What fuels staffing’s growth, and how to cash in

The US staffing industry is projected to grow 6 percent in 2015, according to Staffing Industry Analysts’ latest forecast, with growth fueled by acceleration in the US economy and secular growth drivers. (A secular trend is an overarching, longer-term trend not dictated by the economic cycle.) This begs the following questions: What are these secular growth drivers? And how do we know they even exist? In this article, we provide some answers and suggest some action items for how staffing executives can capitalize on these trends.

Evidence for secular growth. The ratio of employment in the temporary help industry to total US payroll employment — the temp penetration rate — was at a record high of 2.10 percent in September, meaning slightly more than two jobs out of every 100 in the US economy are via staffing firms. For historical context, the ratio was 1.06 percent in 1990, and hit prior peaks of 2.03 percent in April 2000 and 1.95 percent in November 2005. The current record high ratio implies that agency temporary workers have never been more prevalent.

Secular growth in temporary staffing is also suggested by the share of new jobs added to the economy over the past year that came from the temporary staffing industry. During 2014, this ratio has been in the astonishing range of 8 percent to 10 percent. For historical context, the chart on the following page shows how this ratio has tracked following the last three recessions. Following the last recession and up to the present, the proportion of temporary jobs has not yet trended downward, whereas the prior two recoveries had already seen a downward trend.

Explanations. There are a number of possible causes for this secular growth. First, demand for temporary agency workers may be rising along with the broader trend of increased usage of a contingent workforce by large organizations. In Staffing Industry Analysts’ annual survey of staffing buyers, the average reported share of workforce that is contingent reached 18 percent in 2014, up from 12 percent in 2009.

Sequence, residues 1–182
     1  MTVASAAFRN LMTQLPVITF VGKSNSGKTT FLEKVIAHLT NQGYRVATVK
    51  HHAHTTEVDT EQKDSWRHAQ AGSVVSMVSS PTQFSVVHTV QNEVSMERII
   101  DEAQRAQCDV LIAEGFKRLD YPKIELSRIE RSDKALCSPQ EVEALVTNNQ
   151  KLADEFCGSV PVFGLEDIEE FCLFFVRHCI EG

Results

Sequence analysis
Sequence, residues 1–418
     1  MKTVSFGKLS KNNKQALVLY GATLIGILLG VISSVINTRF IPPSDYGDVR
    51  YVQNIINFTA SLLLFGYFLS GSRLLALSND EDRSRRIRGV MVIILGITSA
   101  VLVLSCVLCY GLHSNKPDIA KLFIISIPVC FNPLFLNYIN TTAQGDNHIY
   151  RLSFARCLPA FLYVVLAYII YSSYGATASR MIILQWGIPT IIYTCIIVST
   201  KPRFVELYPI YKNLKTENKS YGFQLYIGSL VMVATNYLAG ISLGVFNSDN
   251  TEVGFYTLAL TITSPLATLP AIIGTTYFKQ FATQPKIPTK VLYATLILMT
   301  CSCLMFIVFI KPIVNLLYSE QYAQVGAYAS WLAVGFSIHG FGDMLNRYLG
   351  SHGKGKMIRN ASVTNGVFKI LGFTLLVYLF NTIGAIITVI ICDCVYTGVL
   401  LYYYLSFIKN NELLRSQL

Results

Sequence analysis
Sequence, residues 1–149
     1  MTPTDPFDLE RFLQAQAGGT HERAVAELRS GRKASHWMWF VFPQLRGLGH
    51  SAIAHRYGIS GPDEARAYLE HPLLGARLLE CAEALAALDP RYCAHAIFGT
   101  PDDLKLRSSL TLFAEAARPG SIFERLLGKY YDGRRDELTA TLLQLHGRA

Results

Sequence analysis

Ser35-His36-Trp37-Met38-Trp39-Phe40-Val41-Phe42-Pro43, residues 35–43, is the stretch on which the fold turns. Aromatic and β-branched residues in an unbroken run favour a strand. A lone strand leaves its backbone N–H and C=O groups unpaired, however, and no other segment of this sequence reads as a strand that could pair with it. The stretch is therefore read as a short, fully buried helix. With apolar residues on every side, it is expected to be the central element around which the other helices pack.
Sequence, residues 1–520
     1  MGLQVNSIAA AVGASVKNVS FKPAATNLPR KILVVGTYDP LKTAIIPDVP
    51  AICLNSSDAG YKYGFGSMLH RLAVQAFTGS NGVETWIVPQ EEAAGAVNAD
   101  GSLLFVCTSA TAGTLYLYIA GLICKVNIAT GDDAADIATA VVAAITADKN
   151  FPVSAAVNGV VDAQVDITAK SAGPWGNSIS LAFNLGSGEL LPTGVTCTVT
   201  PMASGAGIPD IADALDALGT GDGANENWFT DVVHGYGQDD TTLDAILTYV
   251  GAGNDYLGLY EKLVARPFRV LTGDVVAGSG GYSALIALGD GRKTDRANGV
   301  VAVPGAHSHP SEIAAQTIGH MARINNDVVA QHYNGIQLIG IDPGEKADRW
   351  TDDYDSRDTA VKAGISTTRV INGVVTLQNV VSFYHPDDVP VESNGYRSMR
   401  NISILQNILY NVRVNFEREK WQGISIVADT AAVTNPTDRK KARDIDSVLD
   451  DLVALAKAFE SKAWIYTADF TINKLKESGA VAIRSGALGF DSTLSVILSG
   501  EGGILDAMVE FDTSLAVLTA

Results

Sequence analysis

Second, while data may not be conclusive on this point, there is reason to believe the expansion of VMS technology has made it easier and cheaper for organizations to use agency workers. The expanding use of VMS has been a clear trend, with 72 percent of buyers using a VMS in 2014, up from 14 percent in 2005, according to Staffing Industry Analysts’ buyer survey.

Third, there is evidence workers are more willing to accept and recommend temporary positions, resulting in a greater supply of talent. In Staffing Industry Analysts’ 2013 contingent worker survey, temporary workers rated their staffing agencies with a net promoter score of 45, meaning that a net 45 percent of workers would highly recommend their staffing firm to a colleague. To the extent that this high satisfaction rating may be an indication of changing attitudes and growing acceptance of temporary positions, such a supply-side trend could qualify as a secular driver of growth in the industry.

Ride the wave. Given the solid growth occurring in today’s staffing industry, how can your staffing firm best take advantage of it?

  1. Fine tune your company’s forecast. While the staffing industry is experiencing solid growth overall, demand trends vary widely based on skill segments and geography. For example, according to Staffing Industry Analysts’ US Geographic Opportunity Atlas, temporary staffing employment grew 24.1 percent in Delaware in 2013, but declined 5.3 percent in South Dakota. Similarly, while education staffing is forecast to grow 18 percent in 2015, only 2 percent expansion is projected for office/clerical staffing.
  2. Plan your headcount accordingly. In order to avoid being shorthanded when a wave of orders arises, make careful plans about the types of skills and geographies which you plan to staff in the coming year.
  3. Educate your customer. Now that you are armed with a better understanding of growth drivers in the staffing industry, you can better educate your clients. Such education may not only help your business, but your client may well find themselves glad they are keeping up with competitive trends in staffing.